General Insurance Company (GEICO) insurance policies require payment of actual cash value (“ACV”) upon the total loss of a covered auto and define ACV as the “replacement cost” of the auto, less depreciation.
A consolidated class action was filed in the United States District Court, Northern District of California, against GEICO alleging that it breached the terms of private passenger auto insurance policies issued to Plaintiffs, and similarly situated insureds, by failing to properly include or calculate sales tax (as to leased vehicles) and regulatory fees (as to all vehicles).
Plaintiffs argue that (1) the insurance policies require Defendant to include sales tax on the cost to purchase a replacement vehicle when paying leased-vehicle claims; and (2) under Cal. Ins. Code § 2695.8(b)(1), registration fees for the “remaining term of the loss vehicle’s current registration” should be calculated on an end-of-month (rather than, as Defendant contends, a beginning-of-month) basis or, alternatively, on a daily (not monthly) basis.
Over the course of two years, the parties engaged in motion practice, extensive production and review of documents and class-wide data, and multiple depositions, including the depositions of corporate representatives, class representatives, and expert witnesses.
After multiple mediation sessions the parties reached a settlement. The Court granted preliminary approval of the settlement on July 28, 2022, and final approval on March 15, 2023.
Approval of a class settlement is appropriate when plaintiffs must overcome significant barriers to make their case. The Court found in this case that the amount offered in settlement is reasonable in light of the substantial risk that Plaintiffs would face in litigating the case. According to Plaintiffs, litigation of these claims through trial presents significant challenges to prevailing on the merits since no California court, state or federal, has held that insureds who leased a vehicle are entitled, upon a total-loss determination, to full payment of sales tax.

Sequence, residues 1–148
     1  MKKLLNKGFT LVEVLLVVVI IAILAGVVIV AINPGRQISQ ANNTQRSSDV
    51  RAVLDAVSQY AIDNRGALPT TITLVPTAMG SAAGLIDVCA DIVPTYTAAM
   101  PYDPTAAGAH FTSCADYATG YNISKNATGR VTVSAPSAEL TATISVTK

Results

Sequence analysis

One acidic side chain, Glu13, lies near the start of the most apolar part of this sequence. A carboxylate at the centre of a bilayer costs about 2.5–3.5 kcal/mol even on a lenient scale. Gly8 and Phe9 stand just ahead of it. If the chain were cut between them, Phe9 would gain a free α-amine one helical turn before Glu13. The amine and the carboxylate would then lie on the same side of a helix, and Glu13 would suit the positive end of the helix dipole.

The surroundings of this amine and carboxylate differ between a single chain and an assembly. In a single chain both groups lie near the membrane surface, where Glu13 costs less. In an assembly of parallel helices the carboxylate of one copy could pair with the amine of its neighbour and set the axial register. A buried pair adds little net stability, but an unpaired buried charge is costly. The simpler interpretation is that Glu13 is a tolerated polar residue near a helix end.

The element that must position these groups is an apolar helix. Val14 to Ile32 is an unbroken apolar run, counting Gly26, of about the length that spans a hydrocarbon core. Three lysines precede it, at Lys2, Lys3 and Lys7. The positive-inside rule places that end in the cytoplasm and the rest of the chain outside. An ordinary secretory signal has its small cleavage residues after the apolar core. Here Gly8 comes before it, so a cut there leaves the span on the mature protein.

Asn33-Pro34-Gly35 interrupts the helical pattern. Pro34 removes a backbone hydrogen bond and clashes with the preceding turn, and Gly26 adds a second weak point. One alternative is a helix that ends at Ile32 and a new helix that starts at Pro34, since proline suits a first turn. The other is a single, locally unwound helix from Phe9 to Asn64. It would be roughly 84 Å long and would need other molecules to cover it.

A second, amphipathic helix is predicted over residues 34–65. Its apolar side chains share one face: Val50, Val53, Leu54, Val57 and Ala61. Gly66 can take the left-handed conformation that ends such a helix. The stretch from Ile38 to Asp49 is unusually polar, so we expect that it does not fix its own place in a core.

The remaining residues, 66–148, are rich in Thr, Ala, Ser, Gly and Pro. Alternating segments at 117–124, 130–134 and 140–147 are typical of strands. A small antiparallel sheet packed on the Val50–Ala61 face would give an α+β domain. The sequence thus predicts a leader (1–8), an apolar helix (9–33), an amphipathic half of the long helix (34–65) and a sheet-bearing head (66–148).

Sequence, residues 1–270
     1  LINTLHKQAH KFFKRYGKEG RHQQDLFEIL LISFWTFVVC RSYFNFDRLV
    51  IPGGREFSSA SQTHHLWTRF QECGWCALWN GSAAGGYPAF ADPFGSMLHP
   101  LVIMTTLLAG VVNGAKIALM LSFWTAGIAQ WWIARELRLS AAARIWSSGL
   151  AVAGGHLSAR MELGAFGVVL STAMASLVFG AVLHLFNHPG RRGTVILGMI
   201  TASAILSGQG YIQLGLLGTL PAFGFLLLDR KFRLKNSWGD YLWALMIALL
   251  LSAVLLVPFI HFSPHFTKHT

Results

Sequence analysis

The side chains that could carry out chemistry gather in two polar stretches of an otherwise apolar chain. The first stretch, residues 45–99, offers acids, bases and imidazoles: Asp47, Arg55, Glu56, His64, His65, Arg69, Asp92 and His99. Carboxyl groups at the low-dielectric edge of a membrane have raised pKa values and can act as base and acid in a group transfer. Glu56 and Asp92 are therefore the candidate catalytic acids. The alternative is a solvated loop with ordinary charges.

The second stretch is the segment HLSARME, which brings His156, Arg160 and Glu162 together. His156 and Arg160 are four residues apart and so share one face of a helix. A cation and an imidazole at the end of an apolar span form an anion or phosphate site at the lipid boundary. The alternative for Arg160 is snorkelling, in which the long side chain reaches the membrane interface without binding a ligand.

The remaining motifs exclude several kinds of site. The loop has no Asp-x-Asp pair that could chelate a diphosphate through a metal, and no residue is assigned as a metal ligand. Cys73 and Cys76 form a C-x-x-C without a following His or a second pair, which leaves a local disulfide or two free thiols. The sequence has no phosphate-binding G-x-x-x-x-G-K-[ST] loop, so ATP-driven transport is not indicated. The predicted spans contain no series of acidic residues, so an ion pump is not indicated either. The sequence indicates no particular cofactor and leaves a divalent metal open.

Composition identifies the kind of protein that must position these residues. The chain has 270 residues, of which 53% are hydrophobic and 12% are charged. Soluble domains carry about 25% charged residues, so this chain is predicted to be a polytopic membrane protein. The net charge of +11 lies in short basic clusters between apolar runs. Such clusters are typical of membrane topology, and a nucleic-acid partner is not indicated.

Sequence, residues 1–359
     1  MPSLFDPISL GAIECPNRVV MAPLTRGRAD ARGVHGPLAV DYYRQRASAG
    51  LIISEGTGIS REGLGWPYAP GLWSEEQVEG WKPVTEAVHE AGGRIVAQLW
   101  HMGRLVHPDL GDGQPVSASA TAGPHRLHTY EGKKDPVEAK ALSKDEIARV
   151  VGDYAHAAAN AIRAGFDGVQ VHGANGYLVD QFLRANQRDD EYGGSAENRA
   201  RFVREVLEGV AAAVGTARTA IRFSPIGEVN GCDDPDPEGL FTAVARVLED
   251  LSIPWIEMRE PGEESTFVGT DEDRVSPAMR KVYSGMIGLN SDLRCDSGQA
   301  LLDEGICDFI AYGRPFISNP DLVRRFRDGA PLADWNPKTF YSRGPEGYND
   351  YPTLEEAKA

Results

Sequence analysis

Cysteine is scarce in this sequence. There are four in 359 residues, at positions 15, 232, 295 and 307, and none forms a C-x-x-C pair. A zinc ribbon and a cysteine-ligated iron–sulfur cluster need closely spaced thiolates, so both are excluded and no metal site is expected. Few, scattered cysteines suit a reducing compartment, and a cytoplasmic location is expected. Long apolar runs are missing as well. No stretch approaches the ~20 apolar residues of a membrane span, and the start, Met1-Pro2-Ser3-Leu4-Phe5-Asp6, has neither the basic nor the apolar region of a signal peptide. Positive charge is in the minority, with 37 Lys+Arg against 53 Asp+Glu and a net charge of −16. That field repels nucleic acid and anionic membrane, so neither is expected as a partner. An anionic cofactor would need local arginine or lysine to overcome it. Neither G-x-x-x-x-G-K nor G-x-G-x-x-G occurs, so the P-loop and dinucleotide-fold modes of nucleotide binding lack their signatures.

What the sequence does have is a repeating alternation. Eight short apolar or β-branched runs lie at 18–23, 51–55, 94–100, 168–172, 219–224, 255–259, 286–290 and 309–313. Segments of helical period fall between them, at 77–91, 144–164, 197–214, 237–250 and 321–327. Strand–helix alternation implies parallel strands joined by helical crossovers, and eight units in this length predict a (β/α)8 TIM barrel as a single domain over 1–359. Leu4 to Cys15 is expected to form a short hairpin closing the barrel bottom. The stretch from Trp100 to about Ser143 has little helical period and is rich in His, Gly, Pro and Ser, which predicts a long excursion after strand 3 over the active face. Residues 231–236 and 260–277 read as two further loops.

They cite to unfavorable decisions regarding Defendant’s policy language, including three federal courts of appeal that have considered similar claims and ruled in favor of the insurers.
Although the Court expressed concerns at the preliminary approval stage regarding the claims-made structure of this settlement, the actual monetary benefit to the class has turned out to be substantial, even if less than anticipated. Defendant has conducted a preliminary audit of submitted claims, and the actual estimated cash benefit for the class is $6,200,000.
The settlement recovery is particularly compelling for the Sales Tax Class, where each class member will receive 100% of the sales tax (and thus 100% of the potential recovery). On average, class members with valid claims will receive more than $2,000. Plaintiffs estimate a total payout to the Sales Tax Class of approximately $5,800,000.
For the Regulatory Fees class, each class member will receive $6.88, which represents 50% of the potential recovery. Plaintiffs estimate a total payout to the Regulatory Fees Class of approximately $402,824.
The amount offered in the settlement is another factor that weighs in favor of approval. Based on the facts in the record and the parties’ arguments at the final fairness hearing, the Court found that the settlement amount falls “within the range of reasonableness” in light of the risks and costs of litigation.